They've got muck; we've got rakes. TPM Muckraker
TPM reported last week that Alaska Peacemakers Militia leader Schaeffer Cox, Lonnie. G. Vernon and his wife Karen Vernon, and Coleman Barney and Michael Anderson were arrested and charged with allegedly conspiring to kill multiple Alaska State Troopers and a federal judge. Among the charges were "conspiracy to commit murder, conspiracy to commit kidnapping, conspiracy to commit arson, misconduct involving weapons in the third degree, hindering prosecution in the first degree and tampering with evidence." Lonnie G. Vernon was also charged in federal court for threatening to kill District Court Judge Ralph Beistline, who is presiding over Lonnie and Karen Vernon's tax evasion case. Vernon pleaded not guilty on Friday.
A 16-page criminal complaint describes Cox - a self-professed Sovereign Citizen - as "paranoid and narcissistic," and suggests that Cox enlisted his fellow militia members to help him avoid arrest after he skipped out on a February 14 court date. Cox was set to go to trial on a weapons misconduct charge relating to an incident from March, 2010, in which he approached an officer while carrying a concealed handgun, without informing the officer that he was armed. When Cox didn't show up for his trial on the 14th, a bench warrant was issued for his arrest.
Leading up to the court date, Cox had several meetings with the "command staff" of the Alaska Peacemakers Militia, including the Vernons and Barney. The FBI recorded one meeting on the 12th, in which Cox allegedly described a "241" plan to avoid arrest for skipping his trial. "241" is shorthand for "two for one," which describes how they would use "twice the force and consequences" in response to any "attempts to arrest or kill" Cox by law enforcement. According to the complaint:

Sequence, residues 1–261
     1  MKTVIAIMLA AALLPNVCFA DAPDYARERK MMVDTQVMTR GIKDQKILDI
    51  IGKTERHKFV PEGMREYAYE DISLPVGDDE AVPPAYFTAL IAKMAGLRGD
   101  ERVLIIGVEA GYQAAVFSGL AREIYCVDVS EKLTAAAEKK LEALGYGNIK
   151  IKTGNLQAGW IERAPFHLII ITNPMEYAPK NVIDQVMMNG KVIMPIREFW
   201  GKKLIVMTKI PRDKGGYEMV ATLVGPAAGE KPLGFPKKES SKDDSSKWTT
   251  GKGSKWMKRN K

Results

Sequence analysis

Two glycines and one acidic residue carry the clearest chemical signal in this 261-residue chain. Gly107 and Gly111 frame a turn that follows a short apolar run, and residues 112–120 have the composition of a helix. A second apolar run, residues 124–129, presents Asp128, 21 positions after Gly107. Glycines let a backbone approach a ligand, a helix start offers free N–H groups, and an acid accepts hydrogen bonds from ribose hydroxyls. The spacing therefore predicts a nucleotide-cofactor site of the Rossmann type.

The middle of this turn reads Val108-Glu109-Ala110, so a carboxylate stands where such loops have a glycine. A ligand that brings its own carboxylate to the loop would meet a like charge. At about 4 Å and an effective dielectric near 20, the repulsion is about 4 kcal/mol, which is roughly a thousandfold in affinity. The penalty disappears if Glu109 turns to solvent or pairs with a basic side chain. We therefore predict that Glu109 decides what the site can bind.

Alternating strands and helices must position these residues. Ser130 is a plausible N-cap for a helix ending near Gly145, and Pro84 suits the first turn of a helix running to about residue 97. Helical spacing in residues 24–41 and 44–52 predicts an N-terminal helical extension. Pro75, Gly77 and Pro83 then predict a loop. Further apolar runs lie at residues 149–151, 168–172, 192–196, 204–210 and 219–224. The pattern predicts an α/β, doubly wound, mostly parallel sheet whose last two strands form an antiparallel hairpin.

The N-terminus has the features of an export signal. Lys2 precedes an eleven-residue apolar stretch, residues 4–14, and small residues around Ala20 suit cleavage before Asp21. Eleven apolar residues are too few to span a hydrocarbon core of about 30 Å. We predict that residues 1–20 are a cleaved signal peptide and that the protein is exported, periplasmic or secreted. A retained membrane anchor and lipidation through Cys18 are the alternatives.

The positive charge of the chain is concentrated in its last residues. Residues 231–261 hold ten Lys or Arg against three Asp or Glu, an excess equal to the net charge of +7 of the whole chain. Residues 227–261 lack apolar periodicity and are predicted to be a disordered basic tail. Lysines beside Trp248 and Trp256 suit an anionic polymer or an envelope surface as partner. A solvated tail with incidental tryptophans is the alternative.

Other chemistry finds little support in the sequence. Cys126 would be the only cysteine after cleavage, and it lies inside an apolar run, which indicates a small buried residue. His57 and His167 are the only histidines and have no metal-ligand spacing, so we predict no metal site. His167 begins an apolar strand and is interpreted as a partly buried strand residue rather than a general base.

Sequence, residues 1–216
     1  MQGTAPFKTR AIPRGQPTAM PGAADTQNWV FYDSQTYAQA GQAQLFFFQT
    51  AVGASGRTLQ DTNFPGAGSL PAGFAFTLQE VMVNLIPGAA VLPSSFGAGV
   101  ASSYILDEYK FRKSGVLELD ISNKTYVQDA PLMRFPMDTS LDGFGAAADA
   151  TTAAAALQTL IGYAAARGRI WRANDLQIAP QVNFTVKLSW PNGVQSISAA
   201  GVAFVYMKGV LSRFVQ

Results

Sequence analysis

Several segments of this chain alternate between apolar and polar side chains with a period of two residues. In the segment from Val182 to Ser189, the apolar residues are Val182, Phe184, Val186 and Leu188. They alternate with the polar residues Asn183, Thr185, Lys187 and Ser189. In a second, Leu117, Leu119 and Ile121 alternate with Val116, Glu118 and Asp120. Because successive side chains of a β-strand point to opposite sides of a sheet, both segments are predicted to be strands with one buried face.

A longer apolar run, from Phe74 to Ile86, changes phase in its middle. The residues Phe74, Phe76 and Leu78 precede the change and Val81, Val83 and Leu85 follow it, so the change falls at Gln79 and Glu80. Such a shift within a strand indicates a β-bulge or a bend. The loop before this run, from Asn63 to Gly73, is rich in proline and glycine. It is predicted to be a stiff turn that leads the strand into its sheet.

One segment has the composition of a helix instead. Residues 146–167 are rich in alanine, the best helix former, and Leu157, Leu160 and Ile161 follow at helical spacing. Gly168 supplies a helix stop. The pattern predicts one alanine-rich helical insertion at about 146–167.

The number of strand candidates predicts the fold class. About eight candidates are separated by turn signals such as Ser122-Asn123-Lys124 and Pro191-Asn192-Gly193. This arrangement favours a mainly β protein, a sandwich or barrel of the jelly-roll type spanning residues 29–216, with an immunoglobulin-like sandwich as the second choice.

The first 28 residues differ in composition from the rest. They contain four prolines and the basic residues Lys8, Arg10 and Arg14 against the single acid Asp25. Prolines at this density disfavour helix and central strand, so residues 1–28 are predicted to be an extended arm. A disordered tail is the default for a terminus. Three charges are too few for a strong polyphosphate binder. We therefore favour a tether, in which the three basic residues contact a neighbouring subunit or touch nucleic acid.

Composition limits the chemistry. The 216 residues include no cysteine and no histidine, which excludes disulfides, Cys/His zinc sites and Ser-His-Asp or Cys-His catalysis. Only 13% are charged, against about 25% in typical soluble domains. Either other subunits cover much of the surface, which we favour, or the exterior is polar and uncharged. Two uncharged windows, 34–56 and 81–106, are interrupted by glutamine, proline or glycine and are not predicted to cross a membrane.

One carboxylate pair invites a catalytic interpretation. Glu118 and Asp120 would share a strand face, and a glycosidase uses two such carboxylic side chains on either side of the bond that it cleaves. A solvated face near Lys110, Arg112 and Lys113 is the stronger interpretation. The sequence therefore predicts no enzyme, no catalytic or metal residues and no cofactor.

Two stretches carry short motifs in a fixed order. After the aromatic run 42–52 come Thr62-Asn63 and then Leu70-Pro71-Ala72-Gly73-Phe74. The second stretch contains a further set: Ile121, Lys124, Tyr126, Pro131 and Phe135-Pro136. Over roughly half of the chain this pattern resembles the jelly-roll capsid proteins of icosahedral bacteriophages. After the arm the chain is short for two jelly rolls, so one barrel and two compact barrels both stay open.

If he was arrested, two state targets would be "arrested" (kidnapped). If he was killed, two state targets would be killed. If his house was taken, two state target houses would be burned. Cox spent a considerable amount of time logically (in his mind) justifying his actions, stating that "at this point, without any further provocation" he would be "well within my rights to drill [Superior Court Judge] McConahy in his forehead".
According to the documents, his reasoning was that Judge McConahy had "signed that order saying I can't talk the Constitution...the law requires me to resist him by all means necessary."
"I know you're ready to die, but you also have to be ready to kill," Cox reportedly told his command staff. At a different time, the complaint alleges, Cox said that he "would not target a woman or child, but if their kids get killed in the process, so be it."
"I don't desire that people suffer for suffering's sake, but if it gets the point across I'm not against sending somebody's head in a box," he's reported to have said.
At a February 14th meeting at the Vernon's home, Lonnie Vernon allegedly told Cox that if the police come for Cox, he'd "take all the sons of bitches I can with me. They'll die a miserable death too."
The group is also accused of making "wanted dead or alive" posters with the faces of their targets.
From at least October 1, 2010, the complaint details, Cox and others allegedly "began amassing multiple caches of assault rifles and prohibited explosive devices, which by February 23, 2011 were known to include a tripod-mounted, belt-fed .50 caliber machine gun, a belt-fed, hand-cranked, tripod mounted .30 caliber machine gun, at least one fully automatic assault rifle, multiple pineapple grenades, at least one grenade launcher, multiple dozens of other high-powered assault rifles and pistols, and thousands of round of ammunition."
At a hearing on December 15th, Cox told Judicial Services Officer Sgt. Schoenberg that "we know where all the Troopers live, we have you outmanned and outgunned and could probably have you all dead in one night."
At the arraignment for the five on Friday a state magistrate set bail at $3 million for Cox, and $2 million for each of the others.
Lonnie Vernon dismissed the criminal complaint is "hearsay on paper," according to the Fairbanks Daily News-Miner. Cox's lawyer argued at the hearing that he should be able to keep firearms in his home if he posts bail "so he is not a sitting duck for people who may come after him."
The second felony complaint can be read in full here in .pdf form, via the News-Miner.